desk post its

19 August 2015

I jumped ahead of myself. I am still racing to catch up with Module 4! Still I did enjoy Frank Gehry.  So since my last post, I have been adding to my Storify to consolidate my understandings… especially Mod 4.3 Conditions for learning. There is alot here! The need to encourage ‘failure’ – to try again and again, as part of the ‘protoyping culture’. The notion of feedback which is part of the collaborative process, and the importance of ‘creating time and space for students to work out what they, personally, need to work on to improve.’

17 August 2015 (in retrospect: Module 5)

So tonight, I am continuing with my course readings. I listened to Frank Gehry . I enjoyed his knowledge and insights, and especially his humor and connected on many levels to his story.  I have recently returned from a visit to NYC. It was a trip  connecting with our sons who had been travelling for the first time ‘sans parents’ and ‘solo’. NYC was the last city where we were to part ways again, and one of the explorations into the city was to visit the Ground Zero site, near where we were staying. Frank Gehry states how he is “uncomfortable against building anything on Ground Zero for a long time”, and I think he is right. It is a place of reflection. The 9/11 memorial waterfalls make us pause and think…I think it makes alot of people do that. The design of the memorial is itself, unique. I think there are certain places and spaces around the globe where we need to be able to remember.

Gehry’s comment that ‘language is a beginning’ and his reference to Alvaro Siza, Portuguese architect also resonated. We lived in Portugal for several years. The traditional architecture is amazing, wherever you travel. The historical ‘language’ of the villages draws you in – they are spaces built for community. I would have liked to have seen Siza’s work which has evolved from the modern language of Portugal.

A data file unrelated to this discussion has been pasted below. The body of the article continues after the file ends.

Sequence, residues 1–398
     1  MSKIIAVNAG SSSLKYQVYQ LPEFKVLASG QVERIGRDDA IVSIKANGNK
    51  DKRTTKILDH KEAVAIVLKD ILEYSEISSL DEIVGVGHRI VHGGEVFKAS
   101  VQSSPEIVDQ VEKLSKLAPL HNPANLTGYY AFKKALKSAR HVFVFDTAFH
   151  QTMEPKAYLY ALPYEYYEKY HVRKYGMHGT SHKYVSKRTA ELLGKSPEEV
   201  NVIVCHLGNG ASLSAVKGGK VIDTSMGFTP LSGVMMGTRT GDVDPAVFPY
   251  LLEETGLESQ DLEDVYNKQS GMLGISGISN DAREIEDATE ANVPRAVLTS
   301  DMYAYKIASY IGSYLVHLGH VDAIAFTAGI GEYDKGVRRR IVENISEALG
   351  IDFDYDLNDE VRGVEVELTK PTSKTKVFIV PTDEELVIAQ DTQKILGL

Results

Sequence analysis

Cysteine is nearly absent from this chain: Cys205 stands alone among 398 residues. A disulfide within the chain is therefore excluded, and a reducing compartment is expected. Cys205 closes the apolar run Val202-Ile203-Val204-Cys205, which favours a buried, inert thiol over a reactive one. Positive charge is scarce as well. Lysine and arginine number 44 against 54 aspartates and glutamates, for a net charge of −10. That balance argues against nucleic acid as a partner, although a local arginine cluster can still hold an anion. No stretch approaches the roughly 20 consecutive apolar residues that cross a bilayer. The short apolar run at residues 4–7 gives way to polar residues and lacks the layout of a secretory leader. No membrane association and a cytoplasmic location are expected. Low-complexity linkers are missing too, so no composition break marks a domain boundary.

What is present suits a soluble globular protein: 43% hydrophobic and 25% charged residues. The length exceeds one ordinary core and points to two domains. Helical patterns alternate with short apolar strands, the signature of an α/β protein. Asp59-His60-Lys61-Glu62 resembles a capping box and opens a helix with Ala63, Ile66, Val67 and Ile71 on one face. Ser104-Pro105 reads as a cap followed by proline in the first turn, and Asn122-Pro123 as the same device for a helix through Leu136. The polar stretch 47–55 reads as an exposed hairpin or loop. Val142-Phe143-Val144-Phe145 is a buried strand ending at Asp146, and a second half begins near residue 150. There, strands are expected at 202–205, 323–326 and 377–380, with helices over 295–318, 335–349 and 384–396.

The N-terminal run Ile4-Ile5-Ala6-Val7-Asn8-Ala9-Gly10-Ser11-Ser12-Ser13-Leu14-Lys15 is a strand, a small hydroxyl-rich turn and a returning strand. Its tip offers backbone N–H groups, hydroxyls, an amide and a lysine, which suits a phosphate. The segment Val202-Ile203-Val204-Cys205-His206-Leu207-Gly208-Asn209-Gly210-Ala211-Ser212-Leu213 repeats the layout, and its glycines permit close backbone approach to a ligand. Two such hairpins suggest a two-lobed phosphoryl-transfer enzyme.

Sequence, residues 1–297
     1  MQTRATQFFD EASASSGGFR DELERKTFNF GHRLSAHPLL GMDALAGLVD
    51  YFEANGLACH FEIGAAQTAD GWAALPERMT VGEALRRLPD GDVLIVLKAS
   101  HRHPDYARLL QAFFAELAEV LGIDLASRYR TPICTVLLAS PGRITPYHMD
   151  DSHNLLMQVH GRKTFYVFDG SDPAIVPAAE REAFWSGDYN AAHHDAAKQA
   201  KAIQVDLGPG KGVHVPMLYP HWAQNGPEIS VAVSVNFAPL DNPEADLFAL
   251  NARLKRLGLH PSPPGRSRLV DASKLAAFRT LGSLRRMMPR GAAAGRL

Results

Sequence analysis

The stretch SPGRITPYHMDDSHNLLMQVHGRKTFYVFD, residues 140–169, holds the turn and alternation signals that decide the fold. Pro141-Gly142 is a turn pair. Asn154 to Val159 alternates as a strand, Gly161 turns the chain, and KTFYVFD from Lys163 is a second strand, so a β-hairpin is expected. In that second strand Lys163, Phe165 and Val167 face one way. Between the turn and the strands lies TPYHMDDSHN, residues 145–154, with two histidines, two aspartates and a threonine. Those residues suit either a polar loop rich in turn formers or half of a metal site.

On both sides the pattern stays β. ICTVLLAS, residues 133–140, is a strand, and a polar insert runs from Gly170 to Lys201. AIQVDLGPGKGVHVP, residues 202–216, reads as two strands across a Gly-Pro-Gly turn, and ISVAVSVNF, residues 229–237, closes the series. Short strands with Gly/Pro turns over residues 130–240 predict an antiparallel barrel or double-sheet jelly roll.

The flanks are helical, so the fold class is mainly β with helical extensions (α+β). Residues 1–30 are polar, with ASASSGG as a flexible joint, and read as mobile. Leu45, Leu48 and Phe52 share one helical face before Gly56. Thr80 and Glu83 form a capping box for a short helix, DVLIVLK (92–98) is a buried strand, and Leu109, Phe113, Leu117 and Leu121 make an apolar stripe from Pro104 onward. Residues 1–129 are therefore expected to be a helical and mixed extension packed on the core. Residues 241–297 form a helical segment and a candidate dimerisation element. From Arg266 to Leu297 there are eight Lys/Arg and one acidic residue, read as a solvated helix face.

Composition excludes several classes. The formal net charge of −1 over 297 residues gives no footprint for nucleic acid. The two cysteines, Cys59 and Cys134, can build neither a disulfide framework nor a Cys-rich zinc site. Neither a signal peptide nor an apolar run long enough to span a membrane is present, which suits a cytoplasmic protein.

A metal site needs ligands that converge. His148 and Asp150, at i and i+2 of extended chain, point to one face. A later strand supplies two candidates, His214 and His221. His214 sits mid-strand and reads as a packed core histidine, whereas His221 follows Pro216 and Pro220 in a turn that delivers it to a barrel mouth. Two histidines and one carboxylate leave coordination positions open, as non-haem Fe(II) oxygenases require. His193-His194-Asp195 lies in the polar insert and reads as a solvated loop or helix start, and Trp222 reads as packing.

Gehry’s comment that ‘collaboration pushes you’ – resonates on a personal professional level

along with

his story about Frank Lloyd Wright and ‘move your chair’ and the ‘and then what story’ – what is brought to the story after the building is finished. It is those buildings that cannot be recaptured anywhere else. They fill a ‘space’ and ‘story’. For example, I cannot imagine the Sydney Opera House with its sails unfurled, anywhere else in the world.

opera house ferry

15 August 2015

Assignment looming and butterflies beginning. Trying to keep up with the reading and choose the six articles to base my critical literature review on.

11 August 2015

Made sure I took my butterfly journal in to school today (after long weekend). By the end of the day, had added my first reflection, and discussed with my colleague about the four enquiry terminals (middle school) on our top level that are not being used…leave 1 and have chairs instead…noted!

10 August 2015 

Note to self: Take the time this week during UE library lunchtimes to sit in different spots in the library and listen to the conversations. As I was reading this evening, I had a ‘light bulb moment’ regarding my 2nd blog task. While it was a useful exercise following my usual lunchtime supervision routine, it did not allow me to focus specifically on the conversations that were happening around me. So this will be my first task for my butterfly journal. (unfortunately interrupted by Children’s Book Week – to be continued…)

8-9 August 2015